Finally, what about managed care? (Dare I say the dreaded "H" word -- HMO?) What a sad life cycle we've witnessed! The system we knew and to which we devoted years of our lives has been largely effective on most if not all of the metrics used from the beginning to the present. It emerged from a feeble obscurity in the 1970s and early '80s, grew to a robust young maturity in the '90s, and evolved by learning many of the lessons and incorporating the best practices that emerged along the way. But then, things changed. As managed care became "corporatized," it began to lose its friends in high places. Astute politicians went from championing HMOs to being strident critics, no doubt reflecting the attitudes of the new crop of staff people who pulled their strings and wrote their speeches. HMOs became the butt of jokes from Hollywood and other sectors of the entertainment community.
When I first heard a critical, expletive-powered vilification of HMOs by Helen Hunt's character in As Good as It Gets, and the audiences cheering, I knew we were in trouble. HMOs and managed care wasted much good will on corporate greed and excess. We committed the fatal error of permitting ourselves to be described by our enemies on all fronts -- left and right. Little of the good work and daily care provided by thousands of physicians and other healthcare providers was evident to the public. All they saw and read were endless stories about arbitrary denials of care and the antics of corporate fat cats. Where was the pushback by Karen Ignani and the many other official "spokespeople" of the managed care industry?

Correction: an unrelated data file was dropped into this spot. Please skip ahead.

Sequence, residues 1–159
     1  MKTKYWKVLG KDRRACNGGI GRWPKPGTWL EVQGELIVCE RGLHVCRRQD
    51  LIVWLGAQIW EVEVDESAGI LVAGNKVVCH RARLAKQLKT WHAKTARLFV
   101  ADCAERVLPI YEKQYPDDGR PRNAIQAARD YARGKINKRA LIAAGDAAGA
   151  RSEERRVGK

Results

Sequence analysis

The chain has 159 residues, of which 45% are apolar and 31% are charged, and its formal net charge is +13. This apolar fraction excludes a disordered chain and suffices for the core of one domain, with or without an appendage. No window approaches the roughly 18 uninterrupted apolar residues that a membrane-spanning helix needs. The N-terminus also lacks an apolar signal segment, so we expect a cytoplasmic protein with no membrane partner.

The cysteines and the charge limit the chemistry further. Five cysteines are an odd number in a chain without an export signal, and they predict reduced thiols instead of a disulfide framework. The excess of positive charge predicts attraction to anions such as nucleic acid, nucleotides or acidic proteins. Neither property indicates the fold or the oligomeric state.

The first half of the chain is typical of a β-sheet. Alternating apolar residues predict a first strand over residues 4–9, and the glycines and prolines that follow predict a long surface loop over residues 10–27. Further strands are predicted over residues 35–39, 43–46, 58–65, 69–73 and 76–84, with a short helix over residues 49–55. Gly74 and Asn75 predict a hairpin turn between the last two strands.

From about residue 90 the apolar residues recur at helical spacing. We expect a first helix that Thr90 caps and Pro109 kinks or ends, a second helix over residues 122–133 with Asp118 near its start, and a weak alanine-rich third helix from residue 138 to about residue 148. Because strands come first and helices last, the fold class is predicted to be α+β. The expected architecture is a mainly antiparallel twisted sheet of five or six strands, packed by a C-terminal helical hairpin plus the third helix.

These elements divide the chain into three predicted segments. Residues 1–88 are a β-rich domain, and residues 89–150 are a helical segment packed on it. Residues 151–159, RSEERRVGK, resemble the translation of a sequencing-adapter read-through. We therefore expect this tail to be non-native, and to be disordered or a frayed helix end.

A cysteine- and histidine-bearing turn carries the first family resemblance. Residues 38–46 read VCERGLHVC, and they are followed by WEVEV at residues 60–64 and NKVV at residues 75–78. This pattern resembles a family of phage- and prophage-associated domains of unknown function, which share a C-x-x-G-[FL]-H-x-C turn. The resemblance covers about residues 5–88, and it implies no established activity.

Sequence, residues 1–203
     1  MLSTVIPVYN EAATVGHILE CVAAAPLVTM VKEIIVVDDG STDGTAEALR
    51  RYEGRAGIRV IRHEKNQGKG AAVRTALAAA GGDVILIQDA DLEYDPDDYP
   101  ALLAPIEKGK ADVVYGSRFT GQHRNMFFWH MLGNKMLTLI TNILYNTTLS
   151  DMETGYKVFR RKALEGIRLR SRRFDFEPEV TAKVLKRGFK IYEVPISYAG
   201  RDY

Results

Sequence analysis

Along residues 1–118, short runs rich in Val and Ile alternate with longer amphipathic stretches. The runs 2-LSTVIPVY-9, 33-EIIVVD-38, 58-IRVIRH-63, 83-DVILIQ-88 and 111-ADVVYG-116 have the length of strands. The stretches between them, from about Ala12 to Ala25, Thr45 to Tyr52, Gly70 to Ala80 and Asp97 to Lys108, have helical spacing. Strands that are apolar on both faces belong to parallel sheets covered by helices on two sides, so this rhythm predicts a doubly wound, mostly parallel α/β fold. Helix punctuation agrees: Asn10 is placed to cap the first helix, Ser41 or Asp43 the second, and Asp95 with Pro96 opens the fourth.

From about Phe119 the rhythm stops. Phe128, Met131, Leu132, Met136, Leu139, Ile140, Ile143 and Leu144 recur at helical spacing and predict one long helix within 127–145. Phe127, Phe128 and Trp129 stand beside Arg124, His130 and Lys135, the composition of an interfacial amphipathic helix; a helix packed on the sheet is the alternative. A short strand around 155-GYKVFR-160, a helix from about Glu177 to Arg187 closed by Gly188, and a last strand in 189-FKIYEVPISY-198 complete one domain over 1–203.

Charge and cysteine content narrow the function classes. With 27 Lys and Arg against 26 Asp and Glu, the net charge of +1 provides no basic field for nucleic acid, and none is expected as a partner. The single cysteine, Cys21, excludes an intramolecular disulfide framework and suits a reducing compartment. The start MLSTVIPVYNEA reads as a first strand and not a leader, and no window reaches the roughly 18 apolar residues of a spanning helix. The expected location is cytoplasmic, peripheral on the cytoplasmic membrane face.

Meanwhile, away from the limelight, we find excellent examples of managed care that can and should serve as models. Whether we look at Kaiser Permanente, the Keystone Health, or hundreds of other plans, the template is there and should be followed. Bottom line: healthcare reform without managed care will not succeed clinically or economically. Top-down "reforms" promulgated in Washington under the President's plan will produce a Ministry of Health Model with outcomes equivalent to the results we find far too often in public education. I hate to keep flogging this horse, but I urge you to do a thought experiment: Let your mind go back to the 1970s. President Carter, in a sop to the NEA and other teacher unions, created the Department of Education. Now move forward -- decade-by-decade. More than thirty years have passed and note the metastatic growth of the educational bureaucracies at all levels and the input of hundreds of billions of dollars spent to "help the children and improve education." The dollar inputs have been massive, yet the results have been discouraging. You tell me if we've gotten good value for our investments.
This is what I fear will happen with healthcare in the United States. Only this time, the system will probably not have 30+ years to demonstrate that the "reforms" don't work. The fiscal profligacy by the federal government and most of the very large states will likely derail these well-intentioned initiatives sooner rather than later. We will run out of money and then we'll have…what? I'll let you fill in the answer.